Fast forward to 3 months post op, and our daughter is doing incredible. I had done more research on the condition than the FBI, and realized there were a lot of "symptoms" my son had. By 6 months post op, I had recovered enough emotionally to face asking the neurosurgeon about my son. He said it would be so rare (as in 1:600,000) that it was Chiari Malformation that he wouldn't worry about it. He was only 5, and his symptoms could be as simple as having car sickness. Here comes God's faithfulness #4. The feeling wouldn't leave me that my son could possibly have the same condition, so I asked the pediatrician for an MRI. He said he never argues with a mom's intuition, and ordered it. 2 days later, we got the results. Our son did in fact have Chiari Malformation, and he too had a build up of spinal fluid. The only difference is that his spinal fluid back up had only just begun. It wasn't as severe as our daughters. He had already sent over the referral to the Neurosurgeon, so we just needed to wait for that appointment. We saw the neurosurgeon fairly quickly after the MRI results, and he had a different approach for my son than our daughter. Now remember, I had done TONS of research on the condition at this point. I knew there were 2 different types of surgeries. One that was more invasive, like my daughter had, where they open the dura lining of the brain, and patch it and one that was less invasive, where they just scrape it, but allowed for a 60% chance of having to have another surgery later in life. The neurosurgeon my daughter used suggested the less invasive surgery. This time, I wanted a second opinion. We went down to Stanford, to the top Specialist on the west coast for Chiari Malformation. This Dr couldn't have had a more opposite approach. He didn't want my son to have surgery at all. He felt a "wait and see approach" was best, and if we did go ahead and have surgery, that the more invasive approach was best. We came back home even more confused than before, and decided to take time to pray before doing anything.
We saw my daughters neurosurgeon for a follow up, and explained to him we had seen another dr and he suggested a wait and see approach, but that didn't sit well with us, because the more we thought about it, the more we realized my daughter had symptoms of losing motor function way before we knew she had anything going on. We also explained that we did think the more invasive approach was better, because it meant "one and done". God's Faithfulness #5. The neurosurgeon so kindly explained to us that our daughter's surgery was down-played. He knew that we hadn't had time to process the news, and he knew he was throwing a lot at us when she had to have surgery, but he wanted us to fully understand now the severity of it. He said that the surgery she had posed significant risks, and she came through flawlessly, but that isn't always the case. Having my son go through it, when he didn't think it was necessary, would be reckless on his part. We had caught the chiari malformation so early, his flow wasn't significantly impacted as hers was. Cutting of the dural liner is a very very invasive procedure with high risk. He said that he created a patch from her own bone shavings from the surgery, and he is the only neurosurgeon who does that to try to prevent rejection of the patch, but he isn't God, and that what God created, no man could match. Scraping the dura lining for our son was a better alternative because he thinks it will create enough flow to correct his spinal cord, and it will leave God's creation intact. I couldn't argue with that. We went with him, and his advice, and the rest is history. Our kids shouldn't be able to do what they do, but they can because of God's faithfulness, and His ability to lead us to places we needed to go, and receive answers we needed to hear. Now, 6 and 7 years later, our son rides a dirt bike with the best of them (fully encased in plastic gear of course), our daughter rides cutting horses, and both of them live a relatively normal life, with minimal lingering effects from surgery. They have their tough days, but they know it's just a day, and they know God IS Faithful, and we are forever grateful for it.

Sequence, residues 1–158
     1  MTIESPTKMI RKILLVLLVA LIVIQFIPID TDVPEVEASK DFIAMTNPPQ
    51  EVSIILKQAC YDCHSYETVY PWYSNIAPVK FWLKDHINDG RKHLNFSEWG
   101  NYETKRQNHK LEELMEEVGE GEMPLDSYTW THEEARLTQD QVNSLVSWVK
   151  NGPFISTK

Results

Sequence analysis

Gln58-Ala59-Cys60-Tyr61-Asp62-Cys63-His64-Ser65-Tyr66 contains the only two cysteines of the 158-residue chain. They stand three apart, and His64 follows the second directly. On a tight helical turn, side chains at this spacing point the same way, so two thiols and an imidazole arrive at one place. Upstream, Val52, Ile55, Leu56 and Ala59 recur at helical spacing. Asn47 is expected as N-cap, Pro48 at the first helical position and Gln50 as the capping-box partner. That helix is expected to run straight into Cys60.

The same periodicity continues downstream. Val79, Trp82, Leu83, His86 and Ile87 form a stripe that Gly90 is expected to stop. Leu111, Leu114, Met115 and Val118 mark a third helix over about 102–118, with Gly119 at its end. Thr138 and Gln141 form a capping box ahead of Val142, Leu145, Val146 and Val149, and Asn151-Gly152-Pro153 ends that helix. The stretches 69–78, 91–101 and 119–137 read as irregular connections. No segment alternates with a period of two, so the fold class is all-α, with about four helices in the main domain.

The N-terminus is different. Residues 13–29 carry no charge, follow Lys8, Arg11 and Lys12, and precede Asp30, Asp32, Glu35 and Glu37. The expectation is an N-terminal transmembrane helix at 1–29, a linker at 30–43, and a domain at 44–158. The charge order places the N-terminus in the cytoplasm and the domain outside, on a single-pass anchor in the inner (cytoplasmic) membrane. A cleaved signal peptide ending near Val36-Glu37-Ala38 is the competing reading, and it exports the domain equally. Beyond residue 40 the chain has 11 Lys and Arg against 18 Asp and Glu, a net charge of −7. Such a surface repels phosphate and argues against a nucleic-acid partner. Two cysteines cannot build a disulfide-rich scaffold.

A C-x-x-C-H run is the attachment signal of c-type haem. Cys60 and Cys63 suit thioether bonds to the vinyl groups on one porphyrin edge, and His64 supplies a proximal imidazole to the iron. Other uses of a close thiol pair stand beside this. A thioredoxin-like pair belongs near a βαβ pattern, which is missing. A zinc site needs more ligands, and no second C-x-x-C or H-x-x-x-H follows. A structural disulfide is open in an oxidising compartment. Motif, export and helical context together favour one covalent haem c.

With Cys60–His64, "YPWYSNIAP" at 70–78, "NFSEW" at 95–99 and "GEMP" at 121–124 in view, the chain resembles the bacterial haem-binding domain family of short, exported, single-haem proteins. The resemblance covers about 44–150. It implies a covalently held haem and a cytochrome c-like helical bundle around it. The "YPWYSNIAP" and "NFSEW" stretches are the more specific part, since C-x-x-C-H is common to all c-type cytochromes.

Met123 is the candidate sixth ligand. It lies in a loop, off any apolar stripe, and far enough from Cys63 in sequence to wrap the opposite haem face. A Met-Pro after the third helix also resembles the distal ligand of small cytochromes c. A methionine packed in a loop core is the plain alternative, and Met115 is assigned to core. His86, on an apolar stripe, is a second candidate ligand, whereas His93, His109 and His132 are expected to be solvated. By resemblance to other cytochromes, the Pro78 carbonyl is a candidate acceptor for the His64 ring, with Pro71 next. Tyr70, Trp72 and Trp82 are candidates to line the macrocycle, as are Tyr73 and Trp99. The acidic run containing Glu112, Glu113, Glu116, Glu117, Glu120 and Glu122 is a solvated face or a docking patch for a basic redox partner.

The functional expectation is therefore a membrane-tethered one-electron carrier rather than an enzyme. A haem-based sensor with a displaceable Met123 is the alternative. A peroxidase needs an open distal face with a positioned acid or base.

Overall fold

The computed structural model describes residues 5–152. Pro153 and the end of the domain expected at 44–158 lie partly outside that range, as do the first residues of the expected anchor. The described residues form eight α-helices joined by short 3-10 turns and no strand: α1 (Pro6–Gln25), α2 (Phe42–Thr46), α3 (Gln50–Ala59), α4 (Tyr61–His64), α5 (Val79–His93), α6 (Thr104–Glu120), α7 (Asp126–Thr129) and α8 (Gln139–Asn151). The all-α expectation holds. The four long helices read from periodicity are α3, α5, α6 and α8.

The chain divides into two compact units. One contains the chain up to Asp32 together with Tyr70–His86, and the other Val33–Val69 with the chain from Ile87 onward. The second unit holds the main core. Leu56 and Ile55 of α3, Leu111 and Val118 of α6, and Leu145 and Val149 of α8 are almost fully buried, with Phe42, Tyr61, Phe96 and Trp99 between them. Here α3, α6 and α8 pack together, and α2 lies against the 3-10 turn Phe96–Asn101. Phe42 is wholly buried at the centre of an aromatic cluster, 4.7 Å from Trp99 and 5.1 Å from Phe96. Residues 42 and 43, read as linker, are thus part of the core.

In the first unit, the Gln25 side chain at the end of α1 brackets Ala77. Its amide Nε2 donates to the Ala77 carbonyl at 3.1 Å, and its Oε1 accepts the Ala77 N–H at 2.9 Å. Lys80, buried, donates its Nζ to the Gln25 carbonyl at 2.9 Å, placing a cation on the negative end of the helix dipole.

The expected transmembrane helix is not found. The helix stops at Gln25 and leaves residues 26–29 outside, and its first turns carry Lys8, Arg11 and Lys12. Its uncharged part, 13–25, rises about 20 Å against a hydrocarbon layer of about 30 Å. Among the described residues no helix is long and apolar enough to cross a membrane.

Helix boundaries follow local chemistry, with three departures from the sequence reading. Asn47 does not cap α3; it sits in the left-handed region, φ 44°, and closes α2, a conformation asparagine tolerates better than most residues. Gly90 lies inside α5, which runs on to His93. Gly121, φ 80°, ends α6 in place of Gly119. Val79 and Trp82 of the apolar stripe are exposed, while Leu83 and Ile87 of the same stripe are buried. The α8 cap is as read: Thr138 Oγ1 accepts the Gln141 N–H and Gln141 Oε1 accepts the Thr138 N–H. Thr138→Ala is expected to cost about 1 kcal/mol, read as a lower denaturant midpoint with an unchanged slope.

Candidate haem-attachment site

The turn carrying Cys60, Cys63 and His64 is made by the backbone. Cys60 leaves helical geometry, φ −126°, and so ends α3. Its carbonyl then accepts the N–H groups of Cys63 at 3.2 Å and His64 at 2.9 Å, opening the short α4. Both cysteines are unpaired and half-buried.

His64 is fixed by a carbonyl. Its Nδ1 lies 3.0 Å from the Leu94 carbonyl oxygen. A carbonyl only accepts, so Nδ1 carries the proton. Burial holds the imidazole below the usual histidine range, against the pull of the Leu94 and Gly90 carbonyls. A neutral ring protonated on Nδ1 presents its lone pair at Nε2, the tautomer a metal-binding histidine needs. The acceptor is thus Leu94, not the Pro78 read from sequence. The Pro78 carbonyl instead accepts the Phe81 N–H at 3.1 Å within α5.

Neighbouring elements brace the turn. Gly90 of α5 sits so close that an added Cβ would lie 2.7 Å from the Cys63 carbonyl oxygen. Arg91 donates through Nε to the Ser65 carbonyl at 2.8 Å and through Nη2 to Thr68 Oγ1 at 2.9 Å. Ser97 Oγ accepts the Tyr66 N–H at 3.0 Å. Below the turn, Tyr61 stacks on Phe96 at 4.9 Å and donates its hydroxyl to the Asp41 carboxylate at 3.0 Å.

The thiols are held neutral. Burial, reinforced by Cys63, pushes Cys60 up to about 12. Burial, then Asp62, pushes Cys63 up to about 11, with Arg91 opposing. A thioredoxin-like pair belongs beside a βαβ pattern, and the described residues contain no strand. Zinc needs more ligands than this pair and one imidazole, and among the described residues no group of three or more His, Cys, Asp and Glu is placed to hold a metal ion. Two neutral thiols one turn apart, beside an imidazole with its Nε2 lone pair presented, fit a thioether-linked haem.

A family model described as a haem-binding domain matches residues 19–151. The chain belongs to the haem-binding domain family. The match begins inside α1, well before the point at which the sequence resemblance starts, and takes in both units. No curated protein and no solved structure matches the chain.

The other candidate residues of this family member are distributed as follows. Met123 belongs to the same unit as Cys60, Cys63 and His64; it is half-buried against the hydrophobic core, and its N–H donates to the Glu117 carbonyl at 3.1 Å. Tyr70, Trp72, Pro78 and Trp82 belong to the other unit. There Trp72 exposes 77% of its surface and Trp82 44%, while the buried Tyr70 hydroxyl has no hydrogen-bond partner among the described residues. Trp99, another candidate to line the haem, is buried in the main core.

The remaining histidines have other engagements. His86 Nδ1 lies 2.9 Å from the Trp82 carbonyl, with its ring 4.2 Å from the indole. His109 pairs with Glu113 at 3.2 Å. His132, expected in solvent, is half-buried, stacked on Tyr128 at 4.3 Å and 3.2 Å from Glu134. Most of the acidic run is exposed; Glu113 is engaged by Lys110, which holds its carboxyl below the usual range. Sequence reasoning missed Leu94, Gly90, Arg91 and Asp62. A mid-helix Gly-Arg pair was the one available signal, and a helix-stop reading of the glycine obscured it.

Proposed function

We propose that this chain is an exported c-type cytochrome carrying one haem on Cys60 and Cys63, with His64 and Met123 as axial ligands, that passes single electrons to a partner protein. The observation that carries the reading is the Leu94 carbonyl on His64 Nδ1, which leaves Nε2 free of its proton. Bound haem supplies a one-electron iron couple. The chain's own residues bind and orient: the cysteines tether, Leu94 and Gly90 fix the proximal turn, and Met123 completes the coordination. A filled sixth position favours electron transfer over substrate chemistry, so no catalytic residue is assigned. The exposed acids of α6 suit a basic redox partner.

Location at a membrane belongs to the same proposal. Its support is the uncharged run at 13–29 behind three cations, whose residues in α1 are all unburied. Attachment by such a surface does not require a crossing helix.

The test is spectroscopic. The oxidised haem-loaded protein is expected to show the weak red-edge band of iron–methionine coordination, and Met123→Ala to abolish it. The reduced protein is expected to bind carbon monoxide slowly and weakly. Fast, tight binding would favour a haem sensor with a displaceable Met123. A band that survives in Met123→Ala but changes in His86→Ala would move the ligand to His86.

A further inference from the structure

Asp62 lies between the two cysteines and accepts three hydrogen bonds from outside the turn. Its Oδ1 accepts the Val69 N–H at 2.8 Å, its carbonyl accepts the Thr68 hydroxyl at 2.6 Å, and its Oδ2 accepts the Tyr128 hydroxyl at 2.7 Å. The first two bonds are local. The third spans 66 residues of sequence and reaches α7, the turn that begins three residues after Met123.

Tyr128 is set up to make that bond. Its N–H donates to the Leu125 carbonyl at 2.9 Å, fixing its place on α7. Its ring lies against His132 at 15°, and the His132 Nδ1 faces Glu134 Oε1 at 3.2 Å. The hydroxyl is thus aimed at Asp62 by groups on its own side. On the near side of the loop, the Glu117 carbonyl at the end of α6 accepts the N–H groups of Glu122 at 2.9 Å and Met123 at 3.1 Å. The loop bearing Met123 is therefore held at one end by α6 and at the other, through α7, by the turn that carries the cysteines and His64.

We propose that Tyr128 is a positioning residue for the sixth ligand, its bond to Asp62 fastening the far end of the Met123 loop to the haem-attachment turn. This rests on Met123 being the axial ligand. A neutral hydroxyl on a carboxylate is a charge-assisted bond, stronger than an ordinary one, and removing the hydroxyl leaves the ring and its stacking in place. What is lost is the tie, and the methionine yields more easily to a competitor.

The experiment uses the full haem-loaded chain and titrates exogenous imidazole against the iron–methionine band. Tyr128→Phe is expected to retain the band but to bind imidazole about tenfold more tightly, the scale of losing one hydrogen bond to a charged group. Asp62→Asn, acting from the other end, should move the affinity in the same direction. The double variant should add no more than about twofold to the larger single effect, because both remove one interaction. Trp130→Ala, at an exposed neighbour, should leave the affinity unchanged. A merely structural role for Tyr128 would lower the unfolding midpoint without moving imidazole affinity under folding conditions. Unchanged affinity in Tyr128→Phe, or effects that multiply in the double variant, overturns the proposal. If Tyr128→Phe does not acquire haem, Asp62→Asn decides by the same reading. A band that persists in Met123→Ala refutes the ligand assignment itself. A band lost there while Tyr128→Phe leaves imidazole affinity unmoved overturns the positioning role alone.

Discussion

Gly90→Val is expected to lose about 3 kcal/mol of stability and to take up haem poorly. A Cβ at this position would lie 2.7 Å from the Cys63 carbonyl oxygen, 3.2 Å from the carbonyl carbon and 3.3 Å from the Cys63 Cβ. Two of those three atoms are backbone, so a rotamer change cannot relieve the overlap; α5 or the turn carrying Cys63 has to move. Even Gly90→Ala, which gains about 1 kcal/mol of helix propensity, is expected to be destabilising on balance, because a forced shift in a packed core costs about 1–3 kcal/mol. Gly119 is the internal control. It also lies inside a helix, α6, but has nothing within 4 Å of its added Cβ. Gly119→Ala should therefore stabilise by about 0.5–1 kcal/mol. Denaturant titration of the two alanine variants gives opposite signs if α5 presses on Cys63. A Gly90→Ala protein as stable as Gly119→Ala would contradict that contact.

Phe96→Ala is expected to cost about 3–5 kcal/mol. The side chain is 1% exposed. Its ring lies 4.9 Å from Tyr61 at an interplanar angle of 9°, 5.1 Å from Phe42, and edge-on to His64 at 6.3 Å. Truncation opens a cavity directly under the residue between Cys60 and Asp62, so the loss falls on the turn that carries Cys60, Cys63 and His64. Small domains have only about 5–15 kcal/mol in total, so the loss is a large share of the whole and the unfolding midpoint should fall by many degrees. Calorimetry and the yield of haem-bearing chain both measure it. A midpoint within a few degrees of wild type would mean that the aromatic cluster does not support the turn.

If you want one more example of God's faithfulness, a few years later, I met with the Neurosurgeon in the Bay area for a fundraiser I was holding. He remembered my son from years prior, and told me he wanted to apologize. Since that appointment, he has researched more, and knows that every symptom my son had was in fact related to Chiari Malformation, and he was sorry he gave me the wrong advice. He recalls my son's case frequently, and no longer dismisses a patient or mom's concern. Both of my kids now see him as their primary Neurosurgeon. God's faithfulness also calls on us to act on his promptings as well, and when we feel it in our heart to offer Grace, we should act on it. The other neurosurgeon is the exact person we needed for surgery. This one is the exact person we need for followup care, and we are thankful God put them both in our lives right when we needed them to.
I have so many more ways God is faithful in our lives, but this story is long enough. Thank you for allowing me to share here, even if it is too long to share on Sunday. This was a really good moment for me this afternoon, to remind myself of His faithfulness in our journey. The world has been so heavy, and this allowed me the opportunity to remember to look for the good in every situation; it's there, and more importantly, so is God; He is there, walking right beside you, seeing the bigger picture you can't yet see.
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